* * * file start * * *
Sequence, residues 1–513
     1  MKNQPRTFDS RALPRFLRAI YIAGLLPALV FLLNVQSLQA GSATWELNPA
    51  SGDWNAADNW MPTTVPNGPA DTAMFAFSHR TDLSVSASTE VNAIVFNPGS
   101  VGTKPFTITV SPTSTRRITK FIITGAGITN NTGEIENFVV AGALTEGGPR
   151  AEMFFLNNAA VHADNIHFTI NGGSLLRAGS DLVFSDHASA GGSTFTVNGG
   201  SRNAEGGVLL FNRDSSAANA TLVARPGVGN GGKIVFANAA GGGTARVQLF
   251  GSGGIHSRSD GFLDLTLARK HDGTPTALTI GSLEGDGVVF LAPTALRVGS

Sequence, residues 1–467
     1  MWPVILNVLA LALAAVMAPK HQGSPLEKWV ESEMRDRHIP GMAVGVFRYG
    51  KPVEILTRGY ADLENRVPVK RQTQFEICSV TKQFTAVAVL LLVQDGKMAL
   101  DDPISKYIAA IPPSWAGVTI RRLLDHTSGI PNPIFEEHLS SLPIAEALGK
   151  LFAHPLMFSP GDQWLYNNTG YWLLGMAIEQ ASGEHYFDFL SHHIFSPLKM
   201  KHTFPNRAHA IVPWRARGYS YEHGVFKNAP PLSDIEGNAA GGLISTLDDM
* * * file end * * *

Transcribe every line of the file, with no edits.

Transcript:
Sequence, residues 1–513
     1  MKNQPRTFDS RALPRFLRAI YIAGLLPALV FLLNVQSLQA GSATWELNPA
    51  SGDWNAADNW MPTTVPNGPA DTAMFAFSHR TDLSVSASTE VNAIVFNPGS
   101  VGTKPFTITV SPTSTRRITK FIITGAGITN NTGEIENFVV AGALTEGGPR
   151  AEMFFLNNAA VHADNIHFTI NGGSLLRAGS DLVFSDHASA GGSTFTVNGG
   201  SRNAEGGVLL FNRDSSAANA TLVARPGVGN GGKIVFANAA GGGTARVQLF
   251  GSGGIHSRSD GFLDLTLARK HDGTPTALTI GSLEGDGVVF LAPTALRVGS

Sequence, residues 1–467
     1  MWPVILNVLA LALAAVMAPK HQGSPLEKWV ESEMRDRHIP GMAVGVFRYG
    51  KPVEILTRGY ADLENRVPVK RQTQFEICSV TKQFTAVAVL LLVQDGKMAL
   101  DDPISKYIAA IPPSWAGVTI RRLLDHTSGI PNPIFEEHLS SLPIAEALGK
   151  LFAHPLMFSP GDQWLYNNTG YWLLGMAIEQ ASGEHYFDFL SHHIFSPLKM
   201  KHTFPNRAHA IVPWRARGYS YEHGVFKNAP PLSDIEGNAA GGLISTLDDM